To paraphrase, Free is not just for Christmas, Free is for life. You can’t just use it as a loss leading customer acquisition tool. That both falls short of its potential but is also damaging. Free services are invaluable when targeted at specific target groups who are unlikely to spend anything. Target it at all consumers and it weakens overall perceptions of the value of music as a paid commodity.

Free should be a crucial element of multi-tiered digital music strategies, based upon sophisticated segmentation of the consumer marketplace, working on the underlying assumption that one size does not fit all. But equally sophisticated consumer life-cycle management is equally important to ensure valuable customers are migrated to premium offerings.

Here’s my Top Ten of the ‘the Year of Free’ (i.e. services that launched or had a key event in 2008 ) Let me know who you think I’ve missed but should have included.

2008: The Year of Free Top 10

  1. Comes With Music (UK launch)
  2. TDC Play (Danish launch)
  3. MySpace Music (US launch)
  4. Pandora (2 million iPhone downloads)
  5. Last.FM (downloads launch)
  6. Spotify (ad supported tier)
  7. We7 (Repositioning & relaunch)
  8. Telia Musik (Nordic & Baltics launch)
  9. Blip.FM (surge in adoption mid 08 )
  10. Qtrax (US label deals signed)

Music Mistakes, Myths and Misconceptions. Part 3: Subsidized

One again, continuing my bid to provide more fuel for the ‘music should be free’ fire this is the third in my short series of ‘Music Myths, Misconceptions and Mistakes’ posts, tackling one big ‘free’ issue at a time.  Today’s topic is Subsidized* (the previous two posts can be found here: Part 1: File Sharing  Part 2: Ad Supported). 


*i.e. a service where all or most of the cost to the consumer is paid for by the content provider e.g. Nokia’s Comes With Music (CWM),  Sony Ericsson’s Play Now plus (PNp) and TDC’s Play


Subsidized: 10 Mistakes, Myths and Misconceptions


1.      Misconception: subsidized offerings will not further erode consumer perceptions of music as a paid commodity. Whatever the restrictions on marketing (see #2) consumers are smart enough to perceive CWM as being free music: they pay nothing for the music and the device costs the same as without the music.

2.      Mistake: not calling CWM ‘Free’ or ‘Unlimited’.  ASA concerns for the latter, and label imperatives for the former, mean that CWM cannot be marketed to its strengths.  The effect described in #1 will happen regardless of whether the messaging is overt.  Weakening the message will only weaken consumer adoption.

3.      Myth: Subsidized offerings are a necessary but ultimately short-term tool for driving digital music adoption . A whole digital generation has grown up with no concept of paying for music online.  Those habits are engrained.  Free, subsidized services, and ad supported, will become permanent features of the digital music landscape.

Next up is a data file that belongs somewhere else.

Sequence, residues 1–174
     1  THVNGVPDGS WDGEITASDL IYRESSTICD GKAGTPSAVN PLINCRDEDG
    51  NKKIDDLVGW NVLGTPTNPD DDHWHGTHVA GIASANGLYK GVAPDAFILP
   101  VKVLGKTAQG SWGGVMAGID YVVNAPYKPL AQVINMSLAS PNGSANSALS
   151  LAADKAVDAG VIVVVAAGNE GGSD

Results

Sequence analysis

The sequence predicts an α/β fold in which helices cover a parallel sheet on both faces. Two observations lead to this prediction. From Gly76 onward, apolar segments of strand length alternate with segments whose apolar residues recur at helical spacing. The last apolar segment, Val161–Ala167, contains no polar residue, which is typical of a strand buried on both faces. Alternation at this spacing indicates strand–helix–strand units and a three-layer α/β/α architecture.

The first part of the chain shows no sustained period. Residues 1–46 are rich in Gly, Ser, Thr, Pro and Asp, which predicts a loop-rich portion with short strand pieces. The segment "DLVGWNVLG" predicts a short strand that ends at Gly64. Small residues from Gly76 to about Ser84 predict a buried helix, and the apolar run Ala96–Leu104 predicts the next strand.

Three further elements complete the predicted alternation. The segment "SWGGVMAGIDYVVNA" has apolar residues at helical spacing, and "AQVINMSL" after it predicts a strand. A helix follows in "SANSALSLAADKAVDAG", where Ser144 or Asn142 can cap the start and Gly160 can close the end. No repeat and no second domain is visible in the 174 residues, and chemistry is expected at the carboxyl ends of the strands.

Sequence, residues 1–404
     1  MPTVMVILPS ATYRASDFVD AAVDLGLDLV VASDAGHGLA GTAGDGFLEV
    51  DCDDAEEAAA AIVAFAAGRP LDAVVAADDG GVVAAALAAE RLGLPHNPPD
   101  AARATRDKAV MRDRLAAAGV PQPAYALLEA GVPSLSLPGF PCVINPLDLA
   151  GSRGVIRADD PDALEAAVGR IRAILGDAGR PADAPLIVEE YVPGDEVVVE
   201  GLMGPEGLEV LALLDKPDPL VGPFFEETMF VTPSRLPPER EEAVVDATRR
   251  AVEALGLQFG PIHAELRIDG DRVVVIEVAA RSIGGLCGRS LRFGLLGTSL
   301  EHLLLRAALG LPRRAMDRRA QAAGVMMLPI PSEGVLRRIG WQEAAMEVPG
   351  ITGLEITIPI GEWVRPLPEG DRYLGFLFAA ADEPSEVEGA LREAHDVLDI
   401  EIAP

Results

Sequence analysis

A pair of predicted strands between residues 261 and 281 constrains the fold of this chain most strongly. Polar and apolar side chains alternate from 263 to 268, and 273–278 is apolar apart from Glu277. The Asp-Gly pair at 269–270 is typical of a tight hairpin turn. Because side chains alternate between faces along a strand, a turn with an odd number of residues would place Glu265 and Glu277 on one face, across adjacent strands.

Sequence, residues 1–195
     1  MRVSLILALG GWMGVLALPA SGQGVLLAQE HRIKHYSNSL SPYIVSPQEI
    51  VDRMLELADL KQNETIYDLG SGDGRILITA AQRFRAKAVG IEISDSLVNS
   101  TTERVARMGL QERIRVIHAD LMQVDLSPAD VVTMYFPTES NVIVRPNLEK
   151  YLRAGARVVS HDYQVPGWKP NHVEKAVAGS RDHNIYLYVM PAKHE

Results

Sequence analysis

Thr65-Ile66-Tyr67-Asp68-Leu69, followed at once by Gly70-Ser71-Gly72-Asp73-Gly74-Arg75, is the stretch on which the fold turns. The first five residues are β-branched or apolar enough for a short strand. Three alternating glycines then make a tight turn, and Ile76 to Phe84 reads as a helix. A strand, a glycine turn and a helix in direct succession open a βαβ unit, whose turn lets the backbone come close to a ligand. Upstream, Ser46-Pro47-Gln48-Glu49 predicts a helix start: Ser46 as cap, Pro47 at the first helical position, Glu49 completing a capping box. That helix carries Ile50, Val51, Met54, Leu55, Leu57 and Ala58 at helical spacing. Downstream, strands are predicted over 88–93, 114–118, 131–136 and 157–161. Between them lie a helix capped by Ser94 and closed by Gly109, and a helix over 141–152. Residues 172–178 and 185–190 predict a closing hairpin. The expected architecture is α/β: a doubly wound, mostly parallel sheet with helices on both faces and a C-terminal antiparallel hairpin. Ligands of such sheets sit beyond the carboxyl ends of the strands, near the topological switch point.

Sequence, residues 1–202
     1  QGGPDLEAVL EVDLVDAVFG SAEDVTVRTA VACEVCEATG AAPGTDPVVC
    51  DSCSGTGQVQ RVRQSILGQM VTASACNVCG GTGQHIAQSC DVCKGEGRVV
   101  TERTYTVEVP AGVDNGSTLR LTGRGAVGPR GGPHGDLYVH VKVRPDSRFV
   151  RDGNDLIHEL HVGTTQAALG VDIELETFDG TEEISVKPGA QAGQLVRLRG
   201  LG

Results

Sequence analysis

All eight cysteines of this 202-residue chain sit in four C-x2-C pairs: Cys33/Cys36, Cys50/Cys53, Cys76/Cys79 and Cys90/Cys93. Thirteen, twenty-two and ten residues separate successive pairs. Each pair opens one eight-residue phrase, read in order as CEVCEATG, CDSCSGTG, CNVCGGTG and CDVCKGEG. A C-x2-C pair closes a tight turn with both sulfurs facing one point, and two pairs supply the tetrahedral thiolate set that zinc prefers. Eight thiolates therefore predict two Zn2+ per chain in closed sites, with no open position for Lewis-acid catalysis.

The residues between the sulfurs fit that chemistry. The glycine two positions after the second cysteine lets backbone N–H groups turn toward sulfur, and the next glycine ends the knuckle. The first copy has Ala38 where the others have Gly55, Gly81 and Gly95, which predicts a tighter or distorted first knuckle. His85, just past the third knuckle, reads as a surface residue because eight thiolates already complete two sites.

4.      Mistake: Managing consumer life cycles. Make no mistake, lots of mistakes will be made (!) as the industry learns how to manage these services.  One of the biggest challenges is correctly segmenting users into those who will never pay, and those who can be migrated up the food chain.

5.      Mistake: Positioning. Services like CWM and PNp can’t be allowed to be too successful – they need to be focused on core target consumers (e.g. young file sharers) and not be widely adopted by strong music buyers, else their spend will be cannibalized.

6.      Myth:  CWM and PNp will revolutionize the digital music market in the next 5 years. These services are vastly important (arguably the biggest thing to happen to the music industry in years) but their core impact will be longer term.  Near term growth will be slowed by geographic roll-out, consumer awareness / education, handset replacement cycles, value-chain tensions.

7.      Misconception: Subsidized offerings will not cannibalize premium digital spending.  As long as targeting is kept tight, negative impact on spending on operator OTA services and online stores should be minimal, but it will decrease a little, though overall revenues will increase due to licensing income. 

8.      Misconception: Consumers will not ‘max-out’ these services. TDC’s Play service has had phenomenally high usage rates (see my post here for details).  When people get unlimited access to free music, they use it!

9.      Mistake: Not having licensed to fully subsidized offerings sooner.  CWM etc. are the best tools the music industry has to fight file sharing with.  They should have licensed to them sooner.

10.  Mistake: If licensing terms don’t enable Nokia make money.  If fully subsidized service business models are not financially viable (which doesn’t necessarily mean profitable BTW) their current proponents will eventually move onto something else, leaving what will be a gaping hole in digital music provision, which will quickly be filled by illegal free alternatives again.